By the time we reached our camp in the Grumeti Game Reserve, the rest of the tourist traffic had disappeared. Grumeti Game Reserve is tucked away in a quiet western corridor of the Serengeti, with only a handful of camps and lodges scattered across its 340,000 acres. I felt as though we were back in the African wilderness again.
Grumeti is an important area for conservation, as the Great Migration makes a perilous crossing at the Grumeti River. It’s one of the most dramatic and dangerous moments of their journey. The river is also famous for its hippo and crocodile populations, while rare colobus monkeys swing through the lush forests and herds of elephants plod across the plains.
Asanja Grumeti offers a truly exclusive and wild experience, with only three ensuite guest tents and luxury service levels. Each tent has an outdoor shower and a private veranda with uninterrupted views. They even offer a wild camping night where they will set up a comfortable tent away from the camp with a star-gazing window in the top, as the night sky is free from all light pollution.
From a wildlife standpoint, there were two main highlights of my time in Grumeti. Firstly, I saw the herd of elephants that call this area home. At one point we spotted at least sixteen altogether, from the matriarch all the way down to the babies. It was mind-blowing. My second highlight was seeing the migration in action, and this time remarkably close by. I stepped out of my tent to see a huge parade walking past, no more than fifty metres away. Just incredible.
Next, we transferred back to the airstrip for our flight to Ruaha National Park. Again, you’ll never experience a ‘boring transfer’ in Africa. Every journey is a game drive and another chance to spot wildlife. In fact, on our way to the airstrip, we spotted another leopard in a tree with its kill, along with a troop of baboons and a cute little dik-dik. We also saw hippos by a waterhole and a bunch of Thomson gazelle.
We were travelling privately, so we flew direct from Serengeti to Ruaha National Park, in central to southern Tanzania. After landing at Iringa airstrip, we were collected by our driver and transferred to Asanja Ruaha, our next camp. Surrounded by untouched forest and ancient baobab trees, Asanja Ruaha is home to eight luxury guest suites. Each tented suite has its own private veranda and plunge pool. You can even book a pop-up spa between game drives!
Ruaha really has two main seasons, and both provide completely different but equally brilliant experiences. I arrived in mid-November, which is the tail end of the dry season. This meant that the landscape was arid rather than lush. The river ran dry, but it was still home to many baboons and lots of other animals, such as buffalo. Being dry created the perfect terrain for a walking safari with our exceptionally knowledgeable Masai guide.
Asanja Ruaha sits right on the riverfront. In the wet season, the park is lush, drawing in a variety of animals. Hippos can even be spotted on the bank just outside the lodge. Whether you travel in the wet or dry season, you’re guaranteed epic East African landscapes and an exceptional wildlife experience.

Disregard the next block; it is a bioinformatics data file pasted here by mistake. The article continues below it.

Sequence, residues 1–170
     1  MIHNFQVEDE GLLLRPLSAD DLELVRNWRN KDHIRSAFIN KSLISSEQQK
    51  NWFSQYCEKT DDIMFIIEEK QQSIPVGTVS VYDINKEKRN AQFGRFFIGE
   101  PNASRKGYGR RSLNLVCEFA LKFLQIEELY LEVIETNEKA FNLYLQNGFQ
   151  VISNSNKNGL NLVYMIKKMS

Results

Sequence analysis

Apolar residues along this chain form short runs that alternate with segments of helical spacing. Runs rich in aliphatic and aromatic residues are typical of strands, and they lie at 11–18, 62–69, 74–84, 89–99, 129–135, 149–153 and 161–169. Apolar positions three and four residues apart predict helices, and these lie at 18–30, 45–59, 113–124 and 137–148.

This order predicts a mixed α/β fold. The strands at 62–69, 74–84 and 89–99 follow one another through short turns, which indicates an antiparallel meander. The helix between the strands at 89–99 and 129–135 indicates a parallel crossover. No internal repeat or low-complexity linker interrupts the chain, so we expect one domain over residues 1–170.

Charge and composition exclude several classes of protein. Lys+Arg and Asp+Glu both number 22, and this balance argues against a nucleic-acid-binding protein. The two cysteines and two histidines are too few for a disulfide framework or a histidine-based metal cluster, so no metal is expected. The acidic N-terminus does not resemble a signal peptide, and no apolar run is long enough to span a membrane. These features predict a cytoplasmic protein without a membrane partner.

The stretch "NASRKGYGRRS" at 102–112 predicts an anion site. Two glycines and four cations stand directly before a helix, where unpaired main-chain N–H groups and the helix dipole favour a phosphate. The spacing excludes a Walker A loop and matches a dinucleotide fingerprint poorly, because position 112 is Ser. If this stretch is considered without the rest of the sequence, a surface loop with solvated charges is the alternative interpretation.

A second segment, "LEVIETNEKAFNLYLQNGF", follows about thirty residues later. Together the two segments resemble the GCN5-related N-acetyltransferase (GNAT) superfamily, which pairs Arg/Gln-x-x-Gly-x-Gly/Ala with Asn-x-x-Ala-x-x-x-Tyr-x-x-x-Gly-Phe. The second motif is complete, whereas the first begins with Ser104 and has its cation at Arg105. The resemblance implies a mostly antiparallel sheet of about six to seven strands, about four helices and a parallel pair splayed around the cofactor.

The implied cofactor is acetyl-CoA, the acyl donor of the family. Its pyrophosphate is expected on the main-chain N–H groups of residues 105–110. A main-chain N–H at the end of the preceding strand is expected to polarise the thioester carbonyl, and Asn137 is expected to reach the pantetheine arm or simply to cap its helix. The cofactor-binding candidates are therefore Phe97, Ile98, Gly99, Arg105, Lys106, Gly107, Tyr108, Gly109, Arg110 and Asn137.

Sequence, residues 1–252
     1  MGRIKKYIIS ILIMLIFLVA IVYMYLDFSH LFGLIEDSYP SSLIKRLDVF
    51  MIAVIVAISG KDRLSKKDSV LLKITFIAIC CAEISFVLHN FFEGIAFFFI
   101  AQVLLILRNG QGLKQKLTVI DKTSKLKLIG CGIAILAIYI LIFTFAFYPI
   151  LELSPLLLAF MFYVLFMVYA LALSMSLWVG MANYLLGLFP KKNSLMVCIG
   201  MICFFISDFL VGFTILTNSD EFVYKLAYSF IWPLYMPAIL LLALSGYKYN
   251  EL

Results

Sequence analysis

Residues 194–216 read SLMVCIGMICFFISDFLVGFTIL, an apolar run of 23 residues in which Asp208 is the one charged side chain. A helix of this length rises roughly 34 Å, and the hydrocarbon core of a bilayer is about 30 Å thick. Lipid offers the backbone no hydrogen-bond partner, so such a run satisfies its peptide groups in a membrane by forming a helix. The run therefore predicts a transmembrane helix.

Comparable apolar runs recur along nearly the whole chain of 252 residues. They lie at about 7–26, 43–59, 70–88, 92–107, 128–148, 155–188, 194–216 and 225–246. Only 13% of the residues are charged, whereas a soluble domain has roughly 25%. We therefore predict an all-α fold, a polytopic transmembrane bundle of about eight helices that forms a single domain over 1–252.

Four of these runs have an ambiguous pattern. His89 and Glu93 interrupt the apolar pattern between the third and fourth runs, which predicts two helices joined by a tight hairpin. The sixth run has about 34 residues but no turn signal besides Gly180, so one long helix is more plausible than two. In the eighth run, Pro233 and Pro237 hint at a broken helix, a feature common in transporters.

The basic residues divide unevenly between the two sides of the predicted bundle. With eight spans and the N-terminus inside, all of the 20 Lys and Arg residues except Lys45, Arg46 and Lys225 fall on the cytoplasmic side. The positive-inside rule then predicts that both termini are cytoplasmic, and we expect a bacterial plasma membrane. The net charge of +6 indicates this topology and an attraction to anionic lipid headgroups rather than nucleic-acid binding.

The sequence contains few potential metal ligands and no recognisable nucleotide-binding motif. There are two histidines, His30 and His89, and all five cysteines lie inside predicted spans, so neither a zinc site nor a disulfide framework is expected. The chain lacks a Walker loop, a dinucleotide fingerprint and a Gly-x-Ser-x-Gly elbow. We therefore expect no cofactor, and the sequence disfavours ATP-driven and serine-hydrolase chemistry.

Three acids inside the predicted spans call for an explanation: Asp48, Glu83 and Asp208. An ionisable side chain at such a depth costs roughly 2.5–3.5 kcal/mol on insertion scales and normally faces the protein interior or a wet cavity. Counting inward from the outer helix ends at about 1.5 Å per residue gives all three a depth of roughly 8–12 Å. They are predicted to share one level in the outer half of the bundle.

My main highlight of Ruaha was the night safaris. During these night drives, I saw four of the Big Five - lion, buffalo, elephant, leopard and rhino. I also saw all five of the ‘Ugly Five’ - vulture, hyena, warthog, wildebeest and Maribou stork). In addition, I saw four of the ‘Lesser Spotted Five’, sometimes known as the ‘Shy Five’ – porcupine, aardwolf, aardvark, long-eared fox, and meerkat.
On the night safari, not only did I see animals that I never knew existed, but my senses heightened, and my adrenalin was high. Nothing can compare to watching lions stalking their prey through the grass after nightfall.
All three bush camps operated by Asanja were run impeccably and each one was even better than the last. The locations, the drivers, the guides, and the facilities were excellent from start to finish. Everywhere you go, you’ll receive top-notch service.
As most of the staff are Maasai, you get a cultural experience that feels natural and a learning experience that doesn't feel forced. Overall, my safari was beyond anything I could have ever imagined.
Sadly, when my safari came to an end I needed to get straight back to work. However, the greatest way to balance the excitement (and early starts) of a safari, is to pair it with beach time. In Tanzania, this is easy. From Dar es Salaam, it’s less than a 2-hour flight to either Zanzibar or Pemba Island, for that perfect Robinson Crusoe experience.
We can put together all kinds of exciting safari holidays, from family adventures to wild romantic honeymoons. To start planning an unforgettable Tanzania safari, simply give us a call on +44 1273320580 or send us a quote request by email.